The 70:20:10 rule helps businesses include innovative ideas in their plans. Innovation is a great way to help your small business keep up with competitors, retain talent and become a market leader. Take a look at how you can bring this model into your operation.
How It Works
The 70:20:10 model works by allocating 70% of your budget to core business tasks, 20% to projects not related to core business and 10% to new projects. It’s based on the idea that a budget should be split into portions to allow for new priorities and objectives to be born out of testing and taking risk.
The model assigns 70% of the budget towards activities that are tried and tested, and can be implemented now, while 20% of the budget should go towards innovations that have been tested but need refinement. Finally, 10% of the budget should be put into a completely new activity – something high risk that has the potential to revolutionise your business.
Google implemented its 70:20:10 model for business innovation in 2005, and as a result new products such as Google News, Gmail and AdSense were created from employee-initiated projects.
Incorporating the Model
While it might sound easy for a large corporation like Google to implement the 70:20:10 model, small businesses can also use it with success. Start by including it in your overall business plan and by allocating funds to each percentage.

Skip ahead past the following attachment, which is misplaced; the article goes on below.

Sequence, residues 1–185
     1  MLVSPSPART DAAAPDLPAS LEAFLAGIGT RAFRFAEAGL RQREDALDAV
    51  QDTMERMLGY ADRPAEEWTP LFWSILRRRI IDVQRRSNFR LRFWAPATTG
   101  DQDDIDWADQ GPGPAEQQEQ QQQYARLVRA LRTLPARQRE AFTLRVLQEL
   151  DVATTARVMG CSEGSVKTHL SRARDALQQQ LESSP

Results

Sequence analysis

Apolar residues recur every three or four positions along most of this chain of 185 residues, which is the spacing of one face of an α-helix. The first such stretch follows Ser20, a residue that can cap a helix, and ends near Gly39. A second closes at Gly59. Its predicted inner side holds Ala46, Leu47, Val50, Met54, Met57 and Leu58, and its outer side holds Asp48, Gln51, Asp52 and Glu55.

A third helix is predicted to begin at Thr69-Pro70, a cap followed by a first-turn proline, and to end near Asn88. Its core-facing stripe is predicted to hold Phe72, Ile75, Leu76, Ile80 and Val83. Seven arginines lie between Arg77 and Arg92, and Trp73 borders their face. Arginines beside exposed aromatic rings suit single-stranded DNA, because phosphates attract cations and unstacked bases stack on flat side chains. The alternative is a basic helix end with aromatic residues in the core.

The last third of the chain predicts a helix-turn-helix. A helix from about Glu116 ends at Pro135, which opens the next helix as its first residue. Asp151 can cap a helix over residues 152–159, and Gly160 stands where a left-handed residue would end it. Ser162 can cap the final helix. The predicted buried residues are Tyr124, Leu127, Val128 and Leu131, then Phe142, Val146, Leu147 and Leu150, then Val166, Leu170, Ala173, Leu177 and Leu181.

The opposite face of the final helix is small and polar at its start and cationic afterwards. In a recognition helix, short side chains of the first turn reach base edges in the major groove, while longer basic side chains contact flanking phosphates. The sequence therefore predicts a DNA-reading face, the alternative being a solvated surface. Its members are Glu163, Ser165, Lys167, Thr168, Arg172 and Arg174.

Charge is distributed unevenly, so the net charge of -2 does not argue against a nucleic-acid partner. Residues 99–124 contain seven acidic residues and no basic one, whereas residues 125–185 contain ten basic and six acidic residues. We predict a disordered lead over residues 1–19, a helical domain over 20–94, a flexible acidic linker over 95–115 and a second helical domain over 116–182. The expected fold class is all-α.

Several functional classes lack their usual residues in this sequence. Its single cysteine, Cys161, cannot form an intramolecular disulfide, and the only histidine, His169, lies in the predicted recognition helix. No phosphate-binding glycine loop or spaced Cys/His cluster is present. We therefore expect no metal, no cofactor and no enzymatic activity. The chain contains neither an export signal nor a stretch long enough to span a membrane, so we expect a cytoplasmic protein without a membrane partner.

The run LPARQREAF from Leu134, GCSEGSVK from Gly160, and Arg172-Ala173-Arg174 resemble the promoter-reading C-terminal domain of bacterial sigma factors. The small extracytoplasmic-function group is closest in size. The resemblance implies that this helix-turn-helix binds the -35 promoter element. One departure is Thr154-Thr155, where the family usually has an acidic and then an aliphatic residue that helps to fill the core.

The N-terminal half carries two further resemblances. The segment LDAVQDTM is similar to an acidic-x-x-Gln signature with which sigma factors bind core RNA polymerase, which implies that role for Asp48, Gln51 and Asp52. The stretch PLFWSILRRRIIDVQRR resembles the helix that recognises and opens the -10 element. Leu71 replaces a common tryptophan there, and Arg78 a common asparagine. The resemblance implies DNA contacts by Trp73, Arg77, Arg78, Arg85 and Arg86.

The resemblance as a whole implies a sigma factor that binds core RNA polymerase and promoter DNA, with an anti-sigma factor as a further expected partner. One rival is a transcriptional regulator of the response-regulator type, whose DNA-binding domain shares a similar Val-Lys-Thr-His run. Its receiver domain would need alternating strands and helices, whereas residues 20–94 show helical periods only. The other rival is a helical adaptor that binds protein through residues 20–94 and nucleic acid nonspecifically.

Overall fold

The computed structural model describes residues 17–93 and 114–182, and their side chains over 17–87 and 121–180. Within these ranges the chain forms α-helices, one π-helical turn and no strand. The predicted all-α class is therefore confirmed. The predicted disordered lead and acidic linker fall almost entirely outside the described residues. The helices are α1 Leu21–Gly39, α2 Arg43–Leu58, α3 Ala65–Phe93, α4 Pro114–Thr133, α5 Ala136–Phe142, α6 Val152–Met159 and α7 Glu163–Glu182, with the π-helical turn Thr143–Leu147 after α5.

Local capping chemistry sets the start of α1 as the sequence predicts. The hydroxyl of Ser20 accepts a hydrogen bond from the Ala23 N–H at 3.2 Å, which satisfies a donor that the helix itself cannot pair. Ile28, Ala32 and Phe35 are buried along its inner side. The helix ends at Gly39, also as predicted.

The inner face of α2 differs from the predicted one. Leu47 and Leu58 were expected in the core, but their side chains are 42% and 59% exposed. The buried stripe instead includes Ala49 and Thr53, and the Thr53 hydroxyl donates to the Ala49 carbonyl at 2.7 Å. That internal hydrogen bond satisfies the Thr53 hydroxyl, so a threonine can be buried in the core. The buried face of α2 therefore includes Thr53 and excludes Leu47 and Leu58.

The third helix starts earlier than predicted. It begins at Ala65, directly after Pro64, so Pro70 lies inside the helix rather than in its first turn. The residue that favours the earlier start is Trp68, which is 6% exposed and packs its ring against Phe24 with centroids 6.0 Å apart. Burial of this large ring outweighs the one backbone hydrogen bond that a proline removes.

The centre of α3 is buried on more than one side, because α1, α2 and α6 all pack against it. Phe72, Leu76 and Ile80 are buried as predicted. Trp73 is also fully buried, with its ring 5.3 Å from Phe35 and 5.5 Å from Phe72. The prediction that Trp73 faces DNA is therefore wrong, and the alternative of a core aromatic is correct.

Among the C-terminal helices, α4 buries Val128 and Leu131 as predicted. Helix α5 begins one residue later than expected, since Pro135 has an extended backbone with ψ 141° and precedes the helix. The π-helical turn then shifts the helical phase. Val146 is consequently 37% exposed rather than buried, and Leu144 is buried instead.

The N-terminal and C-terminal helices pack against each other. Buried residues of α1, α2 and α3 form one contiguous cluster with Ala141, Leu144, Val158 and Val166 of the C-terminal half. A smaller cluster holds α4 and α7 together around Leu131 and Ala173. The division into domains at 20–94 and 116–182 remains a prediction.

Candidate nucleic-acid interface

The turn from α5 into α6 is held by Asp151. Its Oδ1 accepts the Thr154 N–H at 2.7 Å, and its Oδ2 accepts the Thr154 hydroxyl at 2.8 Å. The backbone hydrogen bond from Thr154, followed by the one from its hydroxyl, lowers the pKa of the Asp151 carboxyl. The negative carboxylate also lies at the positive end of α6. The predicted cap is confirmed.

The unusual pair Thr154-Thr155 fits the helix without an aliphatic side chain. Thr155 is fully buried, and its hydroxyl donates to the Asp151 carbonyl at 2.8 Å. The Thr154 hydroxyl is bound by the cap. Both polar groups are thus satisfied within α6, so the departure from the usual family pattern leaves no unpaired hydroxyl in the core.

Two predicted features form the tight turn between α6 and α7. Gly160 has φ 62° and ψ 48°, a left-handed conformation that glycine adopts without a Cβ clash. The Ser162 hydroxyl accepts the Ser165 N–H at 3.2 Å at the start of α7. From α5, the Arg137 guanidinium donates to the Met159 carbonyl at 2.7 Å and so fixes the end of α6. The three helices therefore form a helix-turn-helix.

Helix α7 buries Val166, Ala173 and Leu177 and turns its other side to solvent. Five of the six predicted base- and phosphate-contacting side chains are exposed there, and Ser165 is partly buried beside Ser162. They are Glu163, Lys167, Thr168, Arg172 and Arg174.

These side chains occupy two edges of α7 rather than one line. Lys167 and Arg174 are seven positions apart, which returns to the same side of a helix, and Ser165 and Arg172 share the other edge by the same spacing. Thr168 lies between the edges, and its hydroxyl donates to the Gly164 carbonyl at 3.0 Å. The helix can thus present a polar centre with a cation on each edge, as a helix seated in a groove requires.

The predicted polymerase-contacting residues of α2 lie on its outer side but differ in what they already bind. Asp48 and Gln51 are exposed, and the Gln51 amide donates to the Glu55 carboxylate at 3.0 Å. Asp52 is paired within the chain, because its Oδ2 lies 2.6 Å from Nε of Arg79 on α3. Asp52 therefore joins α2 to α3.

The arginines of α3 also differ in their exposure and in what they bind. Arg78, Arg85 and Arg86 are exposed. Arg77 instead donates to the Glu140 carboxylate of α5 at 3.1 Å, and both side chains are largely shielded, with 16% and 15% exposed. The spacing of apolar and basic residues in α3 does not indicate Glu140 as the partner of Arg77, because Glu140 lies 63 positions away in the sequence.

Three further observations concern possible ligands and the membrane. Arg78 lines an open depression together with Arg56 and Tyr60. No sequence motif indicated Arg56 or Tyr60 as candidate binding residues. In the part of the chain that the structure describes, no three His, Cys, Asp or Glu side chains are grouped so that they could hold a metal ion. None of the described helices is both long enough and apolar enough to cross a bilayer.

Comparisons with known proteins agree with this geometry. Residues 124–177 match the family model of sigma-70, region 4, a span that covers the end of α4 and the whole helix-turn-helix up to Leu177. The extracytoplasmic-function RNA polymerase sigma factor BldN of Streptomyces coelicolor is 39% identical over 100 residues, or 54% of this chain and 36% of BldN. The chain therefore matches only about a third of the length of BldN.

Under the model, 70% of your budget and time should be dedicated to immediate business and admin tasks or costs, such as customer service, stock, marketing, accounting and invoicing. The 20% of funds allocated to projects that expand on previously tested innovations could include creating new customer service processes or revamping a marketing campaign.
For 10% of funds, consider spending money developing new ideas, testing product lines, experimenting with a new brand campaign or offering expanded services to customers. At the end of the financial year, review your 70:20:10 budget and how effective the funds were in each category. If certain areas didn’t make an impact or generate ROI, switch it up for the following year.
Ways to Innovate
Your small business doesn’t have to come up with an entirely new product or service for customers to be innovative. In fact, innovation can be about improving efficiency in existing processes and practices or finding new customer demographics.
Develop a unique selling point that sets you apart by finding customer pain points in your market segment, studying competitors and leading a brainstorming session with your team.
Other ways your small business can foster innovation in its 10% time and budget include collaborating with partners, merging with a startup and encouraging staff to pitch their own innovative ideas.